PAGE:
UPDATE 2.45pm: Opposition Leader Tony Abbott has laid out a coalition government's plan for the resources sector while mocking the government's controversial mining tax as an act of "economic self-harm".
Mr Abbott told a Minerals Council of Australia conference that Labor had inflicted an increasingly burdensome regime of tax and regulation upon the mining sector.
"What political genius could come up with a tax which raises virtually no revenue,” Mr Abbott said in Canberra.
"It costs tens of millions (of dollars) to administer even when it is actually not being paid and which damages investment and jobs in our country.”
The 30 per cent minerals resource rent tax (MRRT) on the super profits of iron ore and coal producers was expected to raise billions.
But it is now forecast to raise just $200 million in its first year.
Having dealt with Labor, Mr Abbott then reiterated his pledge to abolish the MRRT should the coalition win the election on September 14, along with the carbon tax.
The coalition would also restore the Australian Building and Construction Commission, take workplace laws back to the sensible centre, while substantially reducing red and green tape by introducing a “one stop shop” for environmental approvals.
"You should only have to run the gauntlet once, you should not have to run the gauntlet again and again and again,” he said.
It would also closely work with the mining sector through a resource advisory council that would meet regularly with senior ministers.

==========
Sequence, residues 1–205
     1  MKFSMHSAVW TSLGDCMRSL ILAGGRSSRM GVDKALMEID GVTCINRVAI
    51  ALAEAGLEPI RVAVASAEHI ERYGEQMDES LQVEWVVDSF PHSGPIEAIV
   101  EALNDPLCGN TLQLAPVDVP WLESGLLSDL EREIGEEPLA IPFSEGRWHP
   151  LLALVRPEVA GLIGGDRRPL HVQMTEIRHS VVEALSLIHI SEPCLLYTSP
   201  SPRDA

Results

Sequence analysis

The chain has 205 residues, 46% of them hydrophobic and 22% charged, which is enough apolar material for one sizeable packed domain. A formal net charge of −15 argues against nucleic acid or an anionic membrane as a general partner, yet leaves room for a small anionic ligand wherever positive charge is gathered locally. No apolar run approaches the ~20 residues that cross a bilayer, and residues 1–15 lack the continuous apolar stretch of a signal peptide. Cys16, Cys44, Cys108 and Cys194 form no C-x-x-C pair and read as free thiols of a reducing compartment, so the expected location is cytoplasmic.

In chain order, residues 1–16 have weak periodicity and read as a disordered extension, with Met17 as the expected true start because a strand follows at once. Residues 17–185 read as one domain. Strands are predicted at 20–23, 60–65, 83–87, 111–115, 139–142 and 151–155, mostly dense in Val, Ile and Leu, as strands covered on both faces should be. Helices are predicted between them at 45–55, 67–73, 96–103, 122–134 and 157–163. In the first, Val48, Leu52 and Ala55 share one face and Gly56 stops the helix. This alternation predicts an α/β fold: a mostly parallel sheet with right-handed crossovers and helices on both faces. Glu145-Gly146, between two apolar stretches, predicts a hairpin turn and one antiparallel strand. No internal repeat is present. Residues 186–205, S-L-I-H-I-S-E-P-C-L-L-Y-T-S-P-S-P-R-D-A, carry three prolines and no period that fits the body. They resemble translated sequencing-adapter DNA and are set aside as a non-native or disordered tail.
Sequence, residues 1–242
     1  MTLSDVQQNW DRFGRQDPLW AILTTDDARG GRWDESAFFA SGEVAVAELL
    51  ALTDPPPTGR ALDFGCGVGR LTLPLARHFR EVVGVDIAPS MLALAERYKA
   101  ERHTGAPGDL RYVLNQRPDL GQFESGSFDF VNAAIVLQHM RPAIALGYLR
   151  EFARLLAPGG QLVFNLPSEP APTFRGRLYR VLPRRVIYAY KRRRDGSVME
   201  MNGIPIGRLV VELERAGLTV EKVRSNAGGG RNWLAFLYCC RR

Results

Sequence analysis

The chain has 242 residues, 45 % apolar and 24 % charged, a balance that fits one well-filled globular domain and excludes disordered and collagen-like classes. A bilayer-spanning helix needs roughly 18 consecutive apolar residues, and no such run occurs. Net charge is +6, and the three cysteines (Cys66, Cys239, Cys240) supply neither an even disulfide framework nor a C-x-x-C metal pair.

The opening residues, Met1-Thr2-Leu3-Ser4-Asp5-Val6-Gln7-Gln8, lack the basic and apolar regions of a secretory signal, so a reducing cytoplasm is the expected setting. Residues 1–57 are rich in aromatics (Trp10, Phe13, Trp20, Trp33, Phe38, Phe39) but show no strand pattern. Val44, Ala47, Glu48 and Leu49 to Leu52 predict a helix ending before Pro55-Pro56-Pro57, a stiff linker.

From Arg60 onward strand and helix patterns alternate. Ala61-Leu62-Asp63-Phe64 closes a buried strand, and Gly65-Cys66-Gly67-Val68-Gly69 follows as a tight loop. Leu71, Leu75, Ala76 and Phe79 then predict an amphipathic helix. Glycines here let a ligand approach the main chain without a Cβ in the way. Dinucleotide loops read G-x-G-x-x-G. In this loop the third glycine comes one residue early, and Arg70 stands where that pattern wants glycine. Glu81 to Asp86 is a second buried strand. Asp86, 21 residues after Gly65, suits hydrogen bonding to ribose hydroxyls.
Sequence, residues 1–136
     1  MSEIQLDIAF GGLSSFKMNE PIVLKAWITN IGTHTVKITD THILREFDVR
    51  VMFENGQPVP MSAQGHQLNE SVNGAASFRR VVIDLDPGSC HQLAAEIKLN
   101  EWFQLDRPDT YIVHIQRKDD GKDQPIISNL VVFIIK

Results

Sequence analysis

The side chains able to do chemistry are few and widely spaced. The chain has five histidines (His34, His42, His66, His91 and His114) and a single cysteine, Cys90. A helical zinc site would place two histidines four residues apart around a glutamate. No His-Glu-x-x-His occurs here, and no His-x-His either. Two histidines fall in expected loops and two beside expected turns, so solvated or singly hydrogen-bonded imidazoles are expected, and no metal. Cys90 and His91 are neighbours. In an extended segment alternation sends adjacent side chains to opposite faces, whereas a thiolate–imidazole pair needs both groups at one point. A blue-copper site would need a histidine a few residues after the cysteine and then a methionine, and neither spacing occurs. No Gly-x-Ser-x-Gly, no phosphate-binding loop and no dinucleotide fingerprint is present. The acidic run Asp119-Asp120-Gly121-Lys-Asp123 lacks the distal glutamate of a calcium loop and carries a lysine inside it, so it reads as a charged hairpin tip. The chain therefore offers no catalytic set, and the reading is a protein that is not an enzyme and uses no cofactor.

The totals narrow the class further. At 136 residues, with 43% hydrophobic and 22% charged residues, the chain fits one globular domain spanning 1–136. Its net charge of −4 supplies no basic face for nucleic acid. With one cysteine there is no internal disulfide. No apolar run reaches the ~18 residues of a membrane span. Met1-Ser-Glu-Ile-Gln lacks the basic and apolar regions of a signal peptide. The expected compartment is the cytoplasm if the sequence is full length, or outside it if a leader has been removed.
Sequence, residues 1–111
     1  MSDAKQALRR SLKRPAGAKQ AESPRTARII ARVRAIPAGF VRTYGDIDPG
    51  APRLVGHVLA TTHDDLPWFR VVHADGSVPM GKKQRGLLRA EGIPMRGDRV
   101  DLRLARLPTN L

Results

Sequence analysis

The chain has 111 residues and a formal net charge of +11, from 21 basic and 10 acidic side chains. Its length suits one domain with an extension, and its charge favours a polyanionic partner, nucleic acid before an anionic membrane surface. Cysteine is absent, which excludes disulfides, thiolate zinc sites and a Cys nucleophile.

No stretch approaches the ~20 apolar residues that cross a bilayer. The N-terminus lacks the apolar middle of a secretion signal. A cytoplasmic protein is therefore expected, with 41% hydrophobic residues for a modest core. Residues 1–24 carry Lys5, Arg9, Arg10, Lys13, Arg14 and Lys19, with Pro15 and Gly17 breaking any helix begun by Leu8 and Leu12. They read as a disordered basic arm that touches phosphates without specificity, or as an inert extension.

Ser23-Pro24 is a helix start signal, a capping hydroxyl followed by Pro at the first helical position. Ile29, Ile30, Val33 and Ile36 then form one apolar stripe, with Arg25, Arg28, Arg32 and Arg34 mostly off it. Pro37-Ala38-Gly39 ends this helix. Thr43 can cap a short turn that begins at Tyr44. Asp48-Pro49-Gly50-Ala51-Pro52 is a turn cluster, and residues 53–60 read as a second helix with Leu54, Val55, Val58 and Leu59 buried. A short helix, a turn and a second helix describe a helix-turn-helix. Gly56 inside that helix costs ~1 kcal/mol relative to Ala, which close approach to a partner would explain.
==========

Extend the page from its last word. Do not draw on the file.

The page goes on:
Anglo American chief executive Mark Cutifani earlier told the conference there was a disconnect between the industry and its political leaders because they “didn't understand or didn't care".
"While I can forgive ignorance, I cannot forgive the class warfare tactics used to split communities as the facts were lost in a sea of rhetoric focussed on a few high profile individuals,” he said.
"That's not the Australian way."
But Federal Resources Minister Gary Gray said he was confident Australia would remain a major supplier of metal and minerals commodities, especially to south east Asia.
"On the demand side the long term fundamentals remain unchanged,” the minister said.
China, Japan, South Korea and India would remain big consumers of commodities, he said, with demand in China alone expected to be the equivalent of building eight Chicagos and eight New Yorks over the next 30 to 40 years.
MCA chairman Peter Johnston said the industry must resist compounding the negative sentiment being generated by the end of the mining investment boom, lest it put an artificial brake on investment.
"Confidence is a fragile thing,” Mr Johnston said.